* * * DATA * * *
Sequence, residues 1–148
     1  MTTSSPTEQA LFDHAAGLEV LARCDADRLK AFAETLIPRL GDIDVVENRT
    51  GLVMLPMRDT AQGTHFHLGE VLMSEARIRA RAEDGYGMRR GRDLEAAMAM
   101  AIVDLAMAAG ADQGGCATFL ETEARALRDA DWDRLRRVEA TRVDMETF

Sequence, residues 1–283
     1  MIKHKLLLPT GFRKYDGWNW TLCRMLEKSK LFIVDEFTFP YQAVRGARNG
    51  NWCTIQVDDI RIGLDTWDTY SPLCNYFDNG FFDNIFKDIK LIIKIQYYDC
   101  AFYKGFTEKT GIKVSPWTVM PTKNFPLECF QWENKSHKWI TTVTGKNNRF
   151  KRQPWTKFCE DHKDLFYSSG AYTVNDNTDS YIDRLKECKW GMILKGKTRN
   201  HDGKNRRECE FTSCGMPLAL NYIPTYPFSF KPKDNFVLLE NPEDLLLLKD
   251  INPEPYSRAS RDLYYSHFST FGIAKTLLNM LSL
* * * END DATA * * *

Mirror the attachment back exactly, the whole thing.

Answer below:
Sequence, residues 1–148
     1  MTTSSPTEQA LFDHAAGLEV LARCDADRLK AFAETLIPRL GDIDVVENRT
    51  GLVMLPMRDT AQGTHFHLGE VLMSEARIRA RAEDGYGMRR GRDLEAAMAM
   101  AIVDLAMAAG ADQGGCATFL ETEARALRDA DWDRLRRVEA TRVDMETF

Sequence, residues 1–283
     1  MIKHKLLLPT GFRKYDGWNW TLCRMLEKSK LFIVDEFTFP YQAVRGARNG
    51  NWCTIQVDDI RIGLDTWDTY SPLCNYFDNG FFDNIFKDIK LIIKIQYYDC
   101  AFYKGFTEKT GIKVSPWTVM PTKNFPLECF QWENKSHKWI TTVTGKNNRF
   151  KRQPWTKFCE DHKDLFYSSG AYTVNDNTDS YIDRLKECKW GMILKGKTRN
   201  HDGKNRRECE FTSCGMPLAL NYIPTYPFSF KPKDNFVLLE NPEDLLLLKD
   251  INPEPYSRAS RDLYYSHFST FGIAKTLLNM LSL